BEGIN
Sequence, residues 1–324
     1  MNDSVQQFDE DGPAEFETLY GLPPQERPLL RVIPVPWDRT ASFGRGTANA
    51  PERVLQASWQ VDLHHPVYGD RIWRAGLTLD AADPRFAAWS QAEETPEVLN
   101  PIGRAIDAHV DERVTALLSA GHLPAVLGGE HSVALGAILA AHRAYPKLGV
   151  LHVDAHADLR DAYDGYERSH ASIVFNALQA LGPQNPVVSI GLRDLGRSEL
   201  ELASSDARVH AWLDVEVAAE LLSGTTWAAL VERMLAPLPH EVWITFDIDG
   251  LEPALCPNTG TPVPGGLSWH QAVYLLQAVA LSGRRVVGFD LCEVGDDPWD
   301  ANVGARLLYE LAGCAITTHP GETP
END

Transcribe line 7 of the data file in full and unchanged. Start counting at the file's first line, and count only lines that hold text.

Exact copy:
   251  LEPALCPNTG TPVPGGLSWH QAVYLLQAVA LSGRRVVGFD LCEVGDDPWD